Turning the Tide on Opioid Prescribing Practices

Patrick I. Borgen, MD, and Kristin Rojas, MD
Published: Sunday, Jan 13, 2019
Patrick I. Borgen, MD

Patrick I. Borgen, MD

In 2017 there was a continued increase in opioid-related deaths in the United States, with more than 60,000 lives lost.1 Most opioid abusers report that their opioids are acquired with their own prescription or a prescription for someone else obtained illegally.2 The majority of the abused opioids are diverted from physician prescriptions, and physicians find themselves at a critical junction that will determine the course of this lethal epidemic.3

In addition to their addictive potential, opioids have untoward effects that are less well known. They impair immune responses, increase angiogenesis, and affect the function of natural killer cells and T cells.4

Opioids may also directly act on tumor cells to encourage growth and metastasis.5 Gupta and her colleagues demonstrated that tumor volume and vascularization of implanted breast cancer were significantly increased in an opioid-treated mouse model, compared with a control cohort treated with naloxone, a mu opioid receptor (MOR) and nonselective receptor antagonist. These effects are thought to be attributable to the direct stimulation of the MOR or its interaction with the VEGF receptor.6,7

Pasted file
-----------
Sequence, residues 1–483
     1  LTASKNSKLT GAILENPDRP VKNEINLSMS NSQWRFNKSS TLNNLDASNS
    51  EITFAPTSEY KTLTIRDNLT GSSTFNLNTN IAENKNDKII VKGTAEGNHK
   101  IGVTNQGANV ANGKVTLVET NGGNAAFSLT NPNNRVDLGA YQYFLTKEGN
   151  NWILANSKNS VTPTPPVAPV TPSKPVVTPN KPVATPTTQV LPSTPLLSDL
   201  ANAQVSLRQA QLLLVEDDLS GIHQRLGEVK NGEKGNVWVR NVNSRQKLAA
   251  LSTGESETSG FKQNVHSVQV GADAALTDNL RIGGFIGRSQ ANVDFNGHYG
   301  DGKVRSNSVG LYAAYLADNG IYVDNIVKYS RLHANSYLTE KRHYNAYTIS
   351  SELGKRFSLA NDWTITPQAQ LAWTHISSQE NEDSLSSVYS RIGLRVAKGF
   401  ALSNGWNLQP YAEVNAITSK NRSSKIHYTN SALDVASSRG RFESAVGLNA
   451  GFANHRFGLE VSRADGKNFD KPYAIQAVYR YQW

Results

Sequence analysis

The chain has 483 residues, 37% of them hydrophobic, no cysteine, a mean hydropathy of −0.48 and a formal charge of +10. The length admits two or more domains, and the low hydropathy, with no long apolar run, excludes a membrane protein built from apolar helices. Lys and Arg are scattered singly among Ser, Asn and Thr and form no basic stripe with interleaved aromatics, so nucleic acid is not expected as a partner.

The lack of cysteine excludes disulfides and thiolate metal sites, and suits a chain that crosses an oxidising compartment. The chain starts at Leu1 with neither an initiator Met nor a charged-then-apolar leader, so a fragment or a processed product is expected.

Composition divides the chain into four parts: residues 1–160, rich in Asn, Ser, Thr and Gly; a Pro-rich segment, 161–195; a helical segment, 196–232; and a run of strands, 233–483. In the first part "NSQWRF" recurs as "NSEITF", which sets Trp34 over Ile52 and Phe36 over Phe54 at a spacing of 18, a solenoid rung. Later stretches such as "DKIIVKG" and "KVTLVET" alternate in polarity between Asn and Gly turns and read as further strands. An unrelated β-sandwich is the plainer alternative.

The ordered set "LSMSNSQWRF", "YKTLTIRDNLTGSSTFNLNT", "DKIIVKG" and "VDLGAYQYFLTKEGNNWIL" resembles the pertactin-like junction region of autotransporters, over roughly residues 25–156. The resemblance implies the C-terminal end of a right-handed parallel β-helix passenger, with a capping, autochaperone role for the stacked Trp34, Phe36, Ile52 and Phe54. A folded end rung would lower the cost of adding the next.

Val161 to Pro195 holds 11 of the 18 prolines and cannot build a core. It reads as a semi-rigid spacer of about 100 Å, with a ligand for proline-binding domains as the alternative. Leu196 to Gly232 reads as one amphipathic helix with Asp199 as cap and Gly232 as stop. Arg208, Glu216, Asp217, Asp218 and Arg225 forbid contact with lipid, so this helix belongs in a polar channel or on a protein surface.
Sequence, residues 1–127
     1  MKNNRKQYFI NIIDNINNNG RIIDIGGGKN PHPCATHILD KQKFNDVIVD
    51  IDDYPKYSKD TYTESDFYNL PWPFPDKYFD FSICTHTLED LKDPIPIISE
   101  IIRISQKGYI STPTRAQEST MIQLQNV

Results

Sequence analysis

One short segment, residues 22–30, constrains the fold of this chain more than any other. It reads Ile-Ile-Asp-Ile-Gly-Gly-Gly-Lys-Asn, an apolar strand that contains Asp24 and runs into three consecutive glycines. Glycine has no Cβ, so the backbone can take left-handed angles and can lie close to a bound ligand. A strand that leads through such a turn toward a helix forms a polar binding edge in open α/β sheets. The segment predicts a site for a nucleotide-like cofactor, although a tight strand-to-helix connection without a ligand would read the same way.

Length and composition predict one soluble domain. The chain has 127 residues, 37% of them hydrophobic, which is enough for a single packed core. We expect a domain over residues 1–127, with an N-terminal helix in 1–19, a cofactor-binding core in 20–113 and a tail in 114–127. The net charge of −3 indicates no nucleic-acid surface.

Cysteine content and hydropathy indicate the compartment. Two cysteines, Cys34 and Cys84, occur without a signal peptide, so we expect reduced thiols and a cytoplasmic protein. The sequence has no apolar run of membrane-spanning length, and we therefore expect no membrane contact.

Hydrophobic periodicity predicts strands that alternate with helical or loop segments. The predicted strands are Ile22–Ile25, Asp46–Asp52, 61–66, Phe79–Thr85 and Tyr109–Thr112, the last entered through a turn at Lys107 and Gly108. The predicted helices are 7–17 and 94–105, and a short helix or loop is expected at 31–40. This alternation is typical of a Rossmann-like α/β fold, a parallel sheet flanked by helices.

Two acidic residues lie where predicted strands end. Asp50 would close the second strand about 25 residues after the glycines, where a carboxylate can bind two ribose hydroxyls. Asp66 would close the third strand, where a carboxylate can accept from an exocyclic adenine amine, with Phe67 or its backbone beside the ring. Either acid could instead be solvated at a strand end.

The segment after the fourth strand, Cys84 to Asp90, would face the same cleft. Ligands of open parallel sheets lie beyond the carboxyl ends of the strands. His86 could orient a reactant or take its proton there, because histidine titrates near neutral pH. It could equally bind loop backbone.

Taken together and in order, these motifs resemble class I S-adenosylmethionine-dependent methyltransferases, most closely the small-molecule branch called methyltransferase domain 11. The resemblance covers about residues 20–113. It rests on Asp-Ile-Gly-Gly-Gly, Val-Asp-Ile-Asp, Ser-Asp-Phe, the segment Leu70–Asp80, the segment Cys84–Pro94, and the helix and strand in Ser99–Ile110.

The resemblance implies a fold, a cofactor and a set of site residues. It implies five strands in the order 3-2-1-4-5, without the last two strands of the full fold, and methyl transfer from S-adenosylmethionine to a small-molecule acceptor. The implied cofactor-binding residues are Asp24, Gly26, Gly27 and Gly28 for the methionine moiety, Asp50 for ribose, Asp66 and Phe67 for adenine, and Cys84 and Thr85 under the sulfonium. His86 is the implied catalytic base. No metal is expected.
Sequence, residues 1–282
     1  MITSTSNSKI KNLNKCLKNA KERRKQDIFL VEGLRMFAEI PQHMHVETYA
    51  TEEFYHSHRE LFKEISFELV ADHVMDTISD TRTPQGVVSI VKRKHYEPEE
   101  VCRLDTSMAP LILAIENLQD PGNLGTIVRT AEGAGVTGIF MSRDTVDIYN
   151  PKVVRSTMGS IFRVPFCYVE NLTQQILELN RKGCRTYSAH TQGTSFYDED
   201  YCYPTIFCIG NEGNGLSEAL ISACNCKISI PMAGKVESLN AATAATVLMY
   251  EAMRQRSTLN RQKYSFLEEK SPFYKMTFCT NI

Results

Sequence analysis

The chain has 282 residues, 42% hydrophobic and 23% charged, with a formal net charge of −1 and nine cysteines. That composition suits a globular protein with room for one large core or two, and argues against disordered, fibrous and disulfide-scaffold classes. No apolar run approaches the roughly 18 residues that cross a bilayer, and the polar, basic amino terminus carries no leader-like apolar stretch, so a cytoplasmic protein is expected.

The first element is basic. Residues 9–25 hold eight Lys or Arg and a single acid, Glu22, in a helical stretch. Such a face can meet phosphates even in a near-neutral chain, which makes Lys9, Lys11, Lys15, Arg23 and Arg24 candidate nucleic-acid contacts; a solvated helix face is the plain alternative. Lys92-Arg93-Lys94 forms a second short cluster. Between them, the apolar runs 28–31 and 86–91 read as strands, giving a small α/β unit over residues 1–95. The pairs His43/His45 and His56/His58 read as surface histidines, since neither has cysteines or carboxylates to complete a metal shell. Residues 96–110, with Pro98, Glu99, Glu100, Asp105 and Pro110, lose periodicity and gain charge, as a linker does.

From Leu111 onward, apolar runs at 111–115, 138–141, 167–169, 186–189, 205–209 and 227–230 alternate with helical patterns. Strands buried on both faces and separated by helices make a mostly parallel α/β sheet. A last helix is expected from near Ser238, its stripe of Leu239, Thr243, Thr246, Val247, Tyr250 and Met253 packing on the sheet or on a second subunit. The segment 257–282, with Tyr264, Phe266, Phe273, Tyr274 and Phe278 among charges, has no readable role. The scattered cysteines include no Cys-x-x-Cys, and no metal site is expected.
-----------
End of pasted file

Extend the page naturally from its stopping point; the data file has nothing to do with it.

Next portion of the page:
The tumorigenic effect of opioids has been further investigated in human studies. A study of a large cohort of 42,151 patients undergoing surgery for colon cancer found that the oncologic outcomes of those who received systemic opioid analgesia were inferior to those of patients who received epidural anesthesia. The nonopioid group had significantly longer overall survival (OS), although the cancer recurrence rates were similar.8 Two recent retrospective studies found that in patients undergoing surgery for early non–small cell lung cancer, perioperative opioid use was associated with decreased OS and increased risk of recurrence.9,10 Pooled data from 2 randomized placebo-controlled trials found that in patients with end-stage cancer and opioid-induced constipation, those treated with methylnaltrexone (MOR antagonist) had a longer median OS, and response to therapy was found to be an independent prognostic factor. Of note, no improvement in OS was observed among the 134 patients with advanced illness treated with methylnaltrexone versus placebo, suggesting that the beneficial effects on surviva are oncology related.11 These lines of evidence in both mouse and human models suggest a correlation between activation of the MOR and worse oncologic outcomes.

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